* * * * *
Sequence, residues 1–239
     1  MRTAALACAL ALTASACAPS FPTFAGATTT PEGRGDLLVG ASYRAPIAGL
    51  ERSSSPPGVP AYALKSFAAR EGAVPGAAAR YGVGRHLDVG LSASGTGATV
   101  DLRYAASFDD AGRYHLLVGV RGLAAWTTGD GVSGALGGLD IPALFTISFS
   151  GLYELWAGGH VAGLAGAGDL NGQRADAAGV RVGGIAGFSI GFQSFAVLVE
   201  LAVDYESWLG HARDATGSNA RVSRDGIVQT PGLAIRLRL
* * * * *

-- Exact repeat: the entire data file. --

Sequence, residues 1–239
     1  MRTAALACAL ALTASACAPS FPTFAGATTT PEGRGDLLVG ASYRAPIAGL
    51  ERSSSPPGVP AYALKSFAAR EGAVPGAAAR YGVGRHLDVG LSASGTGATV
   101  DLRYAASFDD AGRYHLLVGV RGLAAWTTGD GVSGALGGLD IPALFTISFS
   151  GLYELWAGGH VAGLAGAGDL NGQRADAAGV RVGGIAGFSI GFQSFAVLVE
   201  LAVDYESWLG HARDATGSNA RVSRDGIVQT PGLAIRLRL